This cartoon was developed to assess students’ ability to:

• Reason about the weight of different sized pieces of the same material (rock)
• Understand the additive property — that the weights of all the pieces of an object are equal to the weight of an object

This cartoon is typically used after Investigation 5.1, What happens to shells when we crush them?

## Things to look for in student responses

Do students realize that the weight of all the broken pieces together equals the weight of the unbroken rock that needs to be moved up the hill?

• Some students may agree with Leila that the weight will stay the same. For these students, look to see if they can also supply a deeper reason: for example, “because no more rock material has been added and none has been taken away.” or “the weight of the five parts equals the weight of the whole”, showing they can think of both the whole and the parts at the same time.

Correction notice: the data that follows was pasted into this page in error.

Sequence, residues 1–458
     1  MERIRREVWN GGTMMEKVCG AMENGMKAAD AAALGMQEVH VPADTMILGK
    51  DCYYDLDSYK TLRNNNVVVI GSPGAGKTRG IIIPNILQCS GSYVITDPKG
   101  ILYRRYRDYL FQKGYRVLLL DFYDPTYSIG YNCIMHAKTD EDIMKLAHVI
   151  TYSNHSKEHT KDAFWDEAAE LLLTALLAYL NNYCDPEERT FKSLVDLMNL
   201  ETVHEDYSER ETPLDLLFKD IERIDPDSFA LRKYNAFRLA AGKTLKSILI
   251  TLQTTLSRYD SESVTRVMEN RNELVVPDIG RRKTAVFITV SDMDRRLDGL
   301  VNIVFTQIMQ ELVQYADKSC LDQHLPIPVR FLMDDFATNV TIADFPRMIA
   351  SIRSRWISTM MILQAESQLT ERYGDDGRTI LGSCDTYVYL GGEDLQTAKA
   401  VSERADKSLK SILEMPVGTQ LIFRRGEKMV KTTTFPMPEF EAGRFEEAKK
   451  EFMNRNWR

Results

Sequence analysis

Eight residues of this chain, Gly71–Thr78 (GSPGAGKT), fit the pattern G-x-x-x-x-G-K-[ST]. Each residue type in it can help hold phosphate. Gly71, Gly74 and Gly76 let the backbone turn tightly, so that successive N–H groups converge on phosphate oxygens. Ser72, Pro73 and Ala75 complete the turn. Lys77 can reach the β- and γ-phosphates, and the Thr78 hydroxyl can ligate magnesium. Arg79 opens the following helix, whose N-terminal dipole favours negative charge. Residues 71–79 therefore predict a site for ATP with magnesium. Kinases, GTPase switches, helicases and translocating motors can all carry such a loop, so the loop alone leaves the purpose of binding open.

• Others may agree with Fern failing to recognize that although there are more pieces, the amount of matter hasn't changed. These students may simply reason "more pieces is more" (a kind of undifferentiated more is more response.)
• Still others, may agree with Tomas thinking erroneously that because each piece is lighter, the load will be less heavy, when, in fact, there is the same amount of matter to be moved as there was before. These children reveal that in focusing on the parts, they have lost track of the whole.